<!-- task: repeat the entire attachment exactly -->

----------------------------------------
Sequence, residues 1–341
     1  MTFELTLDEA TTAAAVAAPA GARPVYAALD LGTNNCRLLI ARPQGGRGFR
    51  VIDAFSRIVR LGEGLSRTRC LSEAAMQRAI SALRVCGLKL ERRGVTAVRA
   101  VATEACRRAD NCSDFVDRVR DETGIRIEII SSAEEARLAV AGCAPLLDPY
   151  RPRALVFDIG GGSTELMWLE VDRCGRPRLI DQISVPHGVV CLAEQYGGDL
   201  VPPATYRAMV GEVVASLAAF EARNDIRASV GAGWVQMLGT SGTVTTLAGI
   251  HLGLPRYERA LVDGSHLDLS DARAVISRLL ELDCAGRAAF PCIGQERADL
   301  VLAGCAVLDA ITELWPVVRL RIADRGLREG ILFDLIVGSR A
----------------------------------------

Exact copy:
Sequence, residues 1–341
     1  MTFELTLDEA TTAAAVAAPA GARPVYAALD LGTNNCRLLI ARPQGGRGFR
    51  VIDAFSRIVR LGEGLSRTRC LSEAAMQRAI SALRVCGLKL ERRGVTAVRA
   101  VATEACRRAD NCSDFVDRVR DETGIRIEII SSAEEARLAV AGCAPLLDPY
   151  RPRALVFDIG GGSTELMWLE VDRCGRPRLI DQISVPHGVV CLAEQYGGDL
   201  VPPATYRAMV GEVVASLAAF EARNDIRASV GAGWVQMLGT SGTVTTLAGI
   251  HLGLPRYERA LVDGSHLDLS DARAVISRLL ELDCAGRAAF PCIGQERADL
   301  VLAGCAVLDA ITELWPVVRL RIADRGLREG ILFDLIVGSR A